October 8, 2013

Son Raw is floating on a Kush cloud.

How far can you push street music before it becomes something else entirely? This is what goes through my mind when listening to Houston-based producer Rabit’s Sun Showers EP, a release that pushes up against the limits of dance music’s structure all while making use of its techniques and signifiers. With the exception of Levels, a crypt dry DJ tool along the lines of a recent Hessle Audio or Club Constructions release, none of the music on this release relies on drums for momentum, instead floating on waves of bass and empty space. It’s miles away from the functional MC food conventionally known as Grime, but it isn’t club ready dance music either. Instead, Sun Showers demands to be taken on its own terms, and charts an interesting path beyond genre conventions.

Of course, we’d seen similar attempts to stretch out Techno’s futurism beyond the dance floor in the 90s with what later (unfortunately) became known as IDM, but Detroit’s lofty ideals lent themselves to such pursuits – not so with Grime, a genre rooted in MC-based rudeness and dance floor chaos. Nevertheless, Rabit’s music draws from an essential strand of Eski-DNA: the devil mixes where producer Wiley would remove the drums from his beats, leaving bare space for his crew to rhyme on. Those productions were built on 8-bar loops however: by taking this idea to an illogical conclusion, Rabit has created shimmering compositions altogether unrecognizable to anyone expecting “beats” – had I been given this music with no information on who made it, I might have thought it a museum piece by someone with a PHD in sound design or something.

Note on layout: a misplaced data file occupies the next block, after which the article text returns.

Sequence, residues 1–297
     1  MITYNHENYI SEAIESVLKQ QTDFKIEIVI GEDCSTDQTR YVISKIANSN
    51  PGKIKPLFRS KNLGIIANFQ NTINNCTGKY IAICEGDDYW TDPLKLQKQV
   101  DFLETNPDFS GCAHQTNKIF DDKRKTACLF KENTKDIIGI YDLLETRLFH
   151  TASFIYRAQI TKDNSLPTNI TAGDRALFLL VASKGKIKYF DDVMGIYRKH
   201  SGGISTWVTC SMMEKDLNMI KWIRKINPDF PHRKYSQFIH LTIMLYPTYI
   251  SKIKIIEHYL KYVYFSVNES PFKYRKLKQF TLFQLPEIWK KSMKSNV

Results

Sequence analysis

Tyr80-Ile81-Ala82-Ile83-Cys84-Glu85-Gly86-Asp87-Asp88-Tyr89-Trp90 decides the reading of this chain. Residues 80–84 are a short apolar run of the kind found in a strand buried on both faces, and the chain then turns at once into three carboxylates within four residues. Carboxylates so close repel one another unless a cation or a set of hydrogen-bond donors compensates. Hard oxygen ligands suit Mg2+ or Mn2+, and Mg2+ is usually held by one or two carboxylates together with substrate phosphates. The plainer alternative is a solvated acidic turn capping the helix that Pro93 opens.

Context aside, the tunes are great. Title track Sun Showers recalls an alien soundscape of crystal and glass, as mysterious as it is inviting. 40 Below combines sparse bongos and cavernous reverb to constantly disassemble and reassemble what sounds like a child playing in the middle of a drive-by shooting. Finally, Black Bag relies most heavily on contemporary Grime, parlaying a massive bass line and processed vocals into sci-fi frost. It’s a daring release recalling the best of Lee Gamble’s recent work, an exploration of the breakdowns between dance music drops and fantastic listening for rainy October nights. Rabit can handle dance floor functionalism as well (see the free, non-EP track below) but by daring to cut things down to a bare minimum, he may have found something else entirely.

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